Posts tagged with "Agreement"

Uniqlo replaces 90% of staff with robots at newly automated warehouse

October 15, 2018

They don’t take bathroom or lunch breaks; and they don’t commute or need medical benefits: At a warehouse in Tokyo that was once mainly staffed by people, robots now are inspecting, sorting, and packing the clothing bound for stores operated by Japanese apparel brand Uniqlo, Quartz reported on October 10.

The company recently remodeled the warehouse to install the automated system, which was created in partnership with Daifuku, a provider of material handling systems. Now that the system is up and running, Uniqlo has been able to cut staff at the warehouse by 90%—and to schedule operations 24 hours a day.

According to The Japan News, which toured the facility, the robotic system transfers products delivered to the warehouse by truck, reads electronic tags attached to the products, and confirms stock numbers and other information.

When shipping, the system wraps products placed on a conveyor belt in cardboard and attaches labels to the boxes. Only a small portion of work at the warehouse needs to be done by employees, the company said.

The Tokyo warehouse is just a first step in a larger plan envisioned by Uniqlo’s parent company, Fast Retailing, which already has announced a strategic partnership with Daifuku with the goal of automating all of Uniqlo’s warehouses in Japan and overseas.  The companies did not specify the number of warehouses that would be updated.

Uniqlo plans to invest 100 billion yen (about US$887 million) in the project over an unspecified timeframe. (The Japan News reported that it costs anywhere from US$9 million to US$90 million to retrofit one existing warehouse.)

Uniqlo believes the system will help it minimize storage costs and, importantly, deliver products faster around the world. The company has set a target of 3 trillion yen (about $US26.6 billion) in annual revenue. Last year its revenue was about 1.86 trillion yen (US$17 billion).

Research contact: marc@qz.com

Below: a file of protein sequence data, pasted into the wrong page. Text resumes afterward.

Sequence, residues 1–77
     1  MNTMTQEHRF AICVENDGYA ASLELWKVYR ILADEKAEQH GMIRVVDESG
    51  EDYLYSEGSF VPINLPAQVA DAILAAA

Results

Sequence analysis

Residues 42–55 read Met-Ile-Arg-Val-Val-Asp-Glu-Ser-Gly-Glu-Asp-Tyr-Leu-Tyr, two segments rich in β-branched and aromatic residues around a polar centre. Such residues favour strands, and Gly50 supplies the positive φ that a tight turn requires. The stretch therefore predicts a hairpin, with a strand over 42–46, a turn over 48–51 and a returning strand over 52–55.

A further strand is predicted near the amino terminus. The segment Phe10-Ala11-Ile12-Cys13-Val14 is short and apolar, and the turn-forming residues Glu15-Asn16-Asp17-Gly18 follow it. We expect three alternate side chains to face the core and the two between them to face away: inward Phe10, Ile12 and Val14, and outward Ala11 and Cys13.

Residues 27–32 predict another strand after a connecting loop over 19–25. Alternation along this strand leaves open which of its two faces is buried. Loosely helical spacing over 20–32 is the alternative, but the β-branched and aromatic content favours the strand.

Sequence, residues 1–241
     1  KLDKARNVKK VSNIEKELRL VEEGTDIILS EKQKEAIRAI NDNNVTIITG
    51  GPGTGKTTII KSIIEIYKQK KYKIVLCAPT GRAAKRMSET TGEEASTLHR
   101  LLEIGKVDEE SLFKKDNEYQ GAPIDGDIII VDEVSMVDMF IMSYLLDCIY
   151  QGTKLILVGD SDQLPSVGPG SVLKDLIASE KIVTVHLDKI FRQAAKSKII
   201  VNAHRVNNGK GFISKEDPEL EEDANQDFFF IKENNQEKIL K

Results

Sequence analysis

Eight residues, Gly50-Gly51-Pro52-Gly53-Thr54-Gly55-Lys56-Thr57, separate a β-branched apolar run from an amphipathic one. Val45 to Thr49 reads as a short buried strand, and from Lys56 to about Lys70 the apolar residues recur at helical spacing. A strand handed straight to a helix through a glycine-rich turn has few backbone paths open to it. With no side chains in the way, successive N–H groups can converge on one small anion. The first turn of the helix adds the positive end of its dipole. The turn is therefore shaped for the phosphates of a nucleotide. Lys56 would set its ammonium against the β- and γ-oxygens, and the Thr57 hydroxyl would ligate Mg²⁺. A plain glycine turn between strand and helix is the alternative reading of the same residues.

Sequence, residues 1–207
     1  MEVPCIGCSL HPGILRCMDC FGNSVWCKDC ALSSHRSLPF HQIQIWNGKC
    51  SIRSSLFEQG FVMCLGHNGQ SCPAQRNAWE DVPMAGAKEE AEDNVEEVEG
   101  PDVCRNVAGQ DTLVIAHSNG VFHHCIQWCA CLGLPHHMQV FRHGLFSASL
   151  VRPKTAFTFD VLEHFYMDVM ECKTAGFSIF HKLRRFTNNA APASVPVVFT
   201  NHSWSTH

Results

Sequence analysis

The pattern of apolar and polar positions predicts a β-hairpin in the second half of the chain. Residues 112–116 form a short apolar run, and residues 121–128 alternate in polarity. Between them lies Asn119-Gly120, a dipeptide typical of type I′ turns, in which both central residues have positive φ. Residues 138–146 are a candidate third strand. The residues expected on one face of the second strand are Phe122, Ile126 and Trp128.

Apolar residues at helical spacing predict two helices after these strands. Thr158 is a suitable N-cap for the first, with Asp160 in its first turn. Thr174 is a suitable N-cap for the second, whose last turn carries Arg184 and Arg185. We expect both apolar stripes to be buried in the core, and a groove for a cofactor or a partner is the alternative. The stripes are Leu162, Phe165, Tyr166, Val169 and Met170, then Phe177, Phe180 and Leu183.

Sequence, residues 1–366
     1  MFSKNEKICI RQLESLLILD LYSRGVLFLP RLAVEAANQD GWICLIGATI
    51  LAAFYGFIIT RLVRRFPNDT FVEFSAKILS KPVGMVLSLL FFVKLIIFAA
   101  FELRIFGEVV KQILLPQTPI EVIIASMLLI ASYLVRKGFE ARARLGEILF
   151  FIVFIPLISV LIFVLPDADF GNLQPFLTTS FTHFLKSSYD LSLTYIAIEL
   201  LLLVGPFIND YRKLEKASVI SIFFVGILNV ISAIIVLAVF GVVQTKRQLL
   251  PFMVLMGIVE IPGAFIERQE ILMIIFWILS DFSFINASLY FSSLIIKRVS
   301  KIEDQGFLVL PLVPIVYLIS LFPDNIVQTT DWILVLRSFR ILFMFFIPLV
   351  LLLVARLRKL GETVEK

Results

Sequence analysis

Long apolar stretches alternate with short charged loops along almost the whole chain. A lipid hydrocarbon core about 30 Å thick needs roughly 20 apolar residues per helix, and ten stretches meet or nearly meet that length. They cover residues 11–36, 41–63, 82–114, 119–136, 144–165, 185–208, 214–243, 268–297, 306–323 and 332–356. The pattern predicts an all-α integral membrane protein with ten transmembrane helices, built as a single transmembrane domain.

Trump ‘makes nice’ with North Korea

June 13, 2018

It was a long-awaited meeting of two world titans,  but just one walked away from the table truly a winner, according to a June 12 report by the news outlet Mic. U.S. President Donald Trump faced off with North Korea’s Supreme Leader Kim Jong-un in Singapore on Monday night—and while the POTUS promised to stop America’s joint military exercises with South Korea on the Korean Peninsula, the North Korean ruler only committed “to work toward complete denuclearization of the Korean Peninsula.”

What’s more, the document that the two men signed at the summit had few, if any, details about what the latter promise means. North Korea agreed to similar denuclearization language back in 2005 and never followed through.

Later, during a news conference—Trump’s first since January 2017, Mic reported—Trump called the military exercises “war games,” and said they were “very provocative.” Trump also suggested that while pulling U.S. troops from South Korea was “not part of the equation right now,” that could be coming in the future.

When the pundits weighed in, they said that Trump had made some major concessions without “any reciprocal concrete agreements” during the negotiations.

Indeed, Trump ultimately concluded that he might not actually be able to trust Kim after all. “I may be wrong, I mean I may stand before you in six months and say, ‘Hey, I was wrong,’” Trump said at the news conference.

Of North Korea’s human rights violations—which the POTUS declined to mention during the summit—Trump told the reporters, “I believe it’s a rough situation over there. It’s rough in a lot of places, by the way, not just there.”

Steve Schmidt, a Republican strategist who has been critical of Trump, characterized the meeting as a failure. “Claims of achievements from this summit are nonsensical,” Schmidt tweeted. “Trump got nothing except empty promises. Kim Jong-un achieved global standing for his evil regime and got military exercises cancelled. The sycophantic panting and exultations across the GOP and Trump media are delusional.”

Erick Erickson, another GOP pundit, criticized Trump’s behavior during the summit, in which Trump befriended a dictator who is hostile to America., but criticized Canadian Prime Minister Justin Trudeau, who is the leader of one of America’s best and oldest allies. “If Obama had had the last 24 hours that Trump has had, the GOP would be demanding his impeachment,” Erickson tweeted.

However, Trump’s base may be happy with the results and the American public may be relieved by the cessation of overt hostilities, now that North Korea has proven that it is a nuclear power.

In an AP/NORC Center for Public Affairs poll conducted before the summit, most Americans thought the relationship with Pyongyang would remain strained, even after the meeting. Twenty percent believed that the U.S. relationship with North Korea would improve, while 47% said it would worsen and 31% anticipated no change. Thus, a lull in the animus and aggression would be a reprieve.

Research contact: Young-Eric@norc.org